Looking for "nuggets of hope": our panel discusses how to beat news avoidance at the launch of the Digital News Report 2022

A summary of a discussion featuring Alessandra Galloni, Alison Phillips, Krishnan Guru-Murthy, Ros Atkins and Rasmus Nielsen
The Digital News Report 2022 launch event. | Picture by Federica Cherubini

The Digital News Report 2022 launch event. | Picture by Federica Cherubini

Higher rates of news avoidance and stalling trust in news are a challenge for journalists to meet rather than something to feel defeated by, Ros Atkins highlighted at the global launch event of this year’s Digital News Report, the most comprehensive study of news consumption worldwide. 

A presentation of the findings by lead author Nic Newman was followed by a panel moderated by Reuters Institute for the Study of Journalism Director Rasmus K. Nielsen, with Alison Phillips, editor of British tabloid The Daily MirrorReuters Editor-in-Chief Alessandra Galloni; BBC News Analysis Editor Ros Atkins and Krishnan Guru-Murthy, Lead Presenter of British public service television network Channel 4.


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The panel kicked off by discussing the rise of the number of people who avoid the news on purpose. We found 38% in our global sample who say they often or sometimes avoid the news (up from 29% in 2017), with the number of avoiders doubling over five years in the UK, where all the members of panel are based. 

Alison Phillips shared how The Mirror is tackling news avoidance by focusing on three things: explaining the news, telling it through people’s stories and spotlighting solutions and what she called ‘nuggets of hope.’ “The key to great tabloid journalism is, if you’re telling any sort of complicated issue, if you’re telling it through a real person’s experience, it’s far more relatable, it’s far less overwhelming and depressing,” Phillips said.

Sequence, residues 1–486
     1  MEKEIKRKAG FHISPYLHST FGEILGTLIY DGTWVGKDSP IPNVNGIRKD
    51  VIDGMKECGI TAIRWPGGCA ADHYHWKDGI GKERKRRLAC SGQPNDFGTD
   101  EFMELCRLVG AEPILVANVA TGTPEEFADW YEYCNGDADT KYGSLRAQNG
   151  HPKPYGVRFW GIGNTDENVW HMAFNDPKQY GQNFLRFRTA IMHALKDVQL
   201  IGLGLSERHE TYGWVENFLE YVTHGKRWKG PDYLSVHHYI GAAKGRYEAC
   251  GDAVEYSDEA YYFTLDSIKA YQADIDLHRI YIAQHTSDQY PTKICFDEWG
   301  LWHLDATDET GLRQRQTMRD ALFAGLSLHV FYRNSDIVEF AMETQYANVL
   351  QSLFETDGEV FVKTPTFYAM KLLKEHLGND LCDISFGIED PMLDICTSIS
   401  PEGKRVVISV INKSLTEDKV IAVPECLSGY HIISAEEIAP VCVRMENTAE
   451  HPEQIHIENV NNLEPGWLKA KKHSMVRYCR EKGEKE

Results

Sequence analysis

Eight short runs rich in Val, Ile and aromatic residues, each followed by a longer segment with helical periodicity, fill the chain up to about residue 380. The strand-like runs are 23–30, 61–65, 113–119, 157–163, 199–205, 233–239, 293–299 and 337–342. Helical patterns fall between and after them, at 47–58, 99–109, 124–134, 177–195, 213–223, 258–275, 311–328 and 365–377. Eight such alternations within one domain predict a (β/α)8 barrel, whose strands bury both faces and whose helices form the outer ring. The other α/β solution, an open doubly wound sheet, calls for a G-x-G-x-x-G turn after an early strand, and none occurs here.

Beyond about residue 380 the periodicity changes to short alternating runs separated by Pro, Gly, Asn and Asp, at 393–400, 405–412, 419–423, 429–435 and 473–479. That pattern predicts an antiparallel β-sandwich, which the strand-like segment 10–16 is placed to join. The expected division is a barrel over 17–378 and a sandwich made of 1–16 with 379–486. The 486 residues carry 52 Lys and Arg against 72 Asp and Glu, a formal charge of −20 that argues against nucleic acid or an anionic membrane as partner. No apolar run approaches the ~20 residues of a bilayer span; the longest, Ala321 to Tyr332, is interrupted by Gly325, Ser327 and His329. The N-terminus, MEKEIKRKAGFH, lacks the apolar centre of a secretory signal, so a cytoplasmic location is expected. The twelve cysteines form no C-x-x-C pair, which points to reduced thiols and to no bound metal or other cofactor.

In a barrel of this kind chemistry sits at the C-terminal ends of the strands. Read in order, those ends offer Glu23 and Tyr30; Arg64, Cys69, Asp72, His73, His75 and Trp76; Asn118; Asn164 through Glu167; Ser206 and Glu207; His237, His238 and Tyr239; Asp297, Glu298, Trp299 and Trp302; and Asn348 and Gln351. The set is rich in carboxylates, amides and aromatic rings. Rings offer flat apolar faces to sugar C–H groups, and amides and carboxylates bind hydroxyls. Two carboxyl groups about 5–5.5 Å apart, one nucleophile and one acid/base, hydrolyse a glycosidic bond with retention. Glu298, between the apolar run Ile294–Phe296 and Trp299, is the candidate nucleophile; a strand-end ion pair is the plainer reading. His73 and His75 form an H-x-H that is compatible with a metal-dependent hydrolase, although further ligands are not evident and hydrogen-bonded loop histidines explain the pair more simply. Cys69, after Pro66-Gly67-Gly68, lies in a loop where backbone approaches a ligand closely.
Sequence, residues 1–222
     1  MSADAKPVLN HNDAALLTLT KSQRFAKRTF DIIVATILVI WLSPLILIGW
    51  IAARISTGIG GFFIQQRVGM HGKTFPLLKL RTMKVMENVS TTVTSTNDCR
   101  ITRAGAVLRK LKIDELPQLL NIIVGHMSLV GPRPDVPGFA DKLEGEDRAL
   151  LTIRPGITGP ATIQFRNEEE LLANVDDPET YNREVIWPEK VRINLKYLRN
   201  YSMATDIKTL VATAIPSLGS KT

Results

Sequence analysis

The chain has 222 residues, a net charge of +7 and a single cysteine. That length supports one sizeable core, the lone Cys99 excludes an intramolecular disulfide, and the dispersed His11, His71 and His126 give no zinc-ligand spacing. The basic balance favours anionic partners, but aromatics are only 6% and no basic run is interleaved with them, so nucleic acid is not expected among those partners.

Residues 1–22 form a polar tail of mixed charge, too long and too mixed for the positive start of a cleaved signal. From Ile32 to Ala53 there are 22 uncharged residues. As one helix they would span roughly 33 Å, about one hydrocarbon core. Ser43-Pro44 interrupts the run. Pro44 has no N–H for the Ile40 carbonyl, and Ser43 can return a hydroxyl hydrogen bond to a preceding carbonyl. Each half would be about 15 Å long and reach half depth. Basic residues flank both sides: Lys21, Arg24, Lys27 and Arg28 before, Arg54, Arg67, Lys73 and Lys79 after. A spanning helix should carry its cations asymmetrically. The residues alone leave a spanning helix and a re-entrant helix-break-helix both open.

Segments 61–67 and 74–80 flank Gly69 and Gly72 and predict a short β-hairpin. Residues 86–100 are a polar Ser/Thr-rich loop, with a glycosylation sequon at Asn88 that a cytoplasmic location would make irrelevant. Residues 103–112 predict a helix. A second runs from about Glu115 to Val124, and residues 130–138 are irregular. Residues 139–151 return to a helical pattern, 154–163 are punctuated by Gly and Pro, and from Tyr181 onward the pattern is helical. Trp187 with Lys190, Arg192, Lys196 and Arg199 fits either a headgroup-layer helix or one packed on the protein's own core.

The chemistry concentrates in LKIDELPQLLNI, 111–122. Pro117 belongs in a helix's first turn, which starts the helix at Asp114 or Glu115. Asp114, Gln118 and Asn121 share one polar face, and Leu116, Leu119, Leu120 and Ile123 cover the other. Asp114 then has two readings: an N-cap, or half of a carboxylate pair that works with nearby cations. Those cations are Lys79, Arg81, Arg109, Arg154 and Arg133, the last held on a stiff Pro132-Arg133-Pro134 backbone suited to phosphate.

Krishnan Guru-Murthy pointed out that news avoidance alone is not the full picture. “Our experience in the first half of this year is that our audience is up year on year in absolute volume and share,” he said about Channel 4 News. What’s different, he said, is the way people are consuming news. They are not switching on news bulletins to find out if there is any news, but they are doing so when they know there is news they want to understand. This is what news organisations should focus on to address news avoidance, he said: “People want to understand the news, they don’t want an avalanche of death and destruction that they don’t understand, feel powerless to do anything about and see no hope.” 

Another factor contributing to news avoidance that Guru-Murthy identified is a tendency for large, mainstream media organisations to fixate on a single story that is covered in great detail and depth, rather than presenting a variety of high-quality news stories. Examples of these single stories named by Guru-Murthy were the pandemic, Brexit and the ‘Partygate’ saga in the UK. The digital news report found that 43% of respondents from all markets say they are put off by the repetitiveness of the news agenda, especially around politics and COVID-19.

What to do about trust

Moving on to trust in news, Guru-Murthy said: “If you look at the trust scores I think what this is is a clarion call for high quality, in-depth, impartial broadcast news and what it tells you is that people don’t want shouty opinions.” He referred to the higher trust scores impartial UK broadcasters such as Channel 4 news, ITV news and the BBC receive in comparison to the average trust in news in the country. He also compared that with much lower trust in news in the US, where broadcasts are widely populated by opinion-based news shows.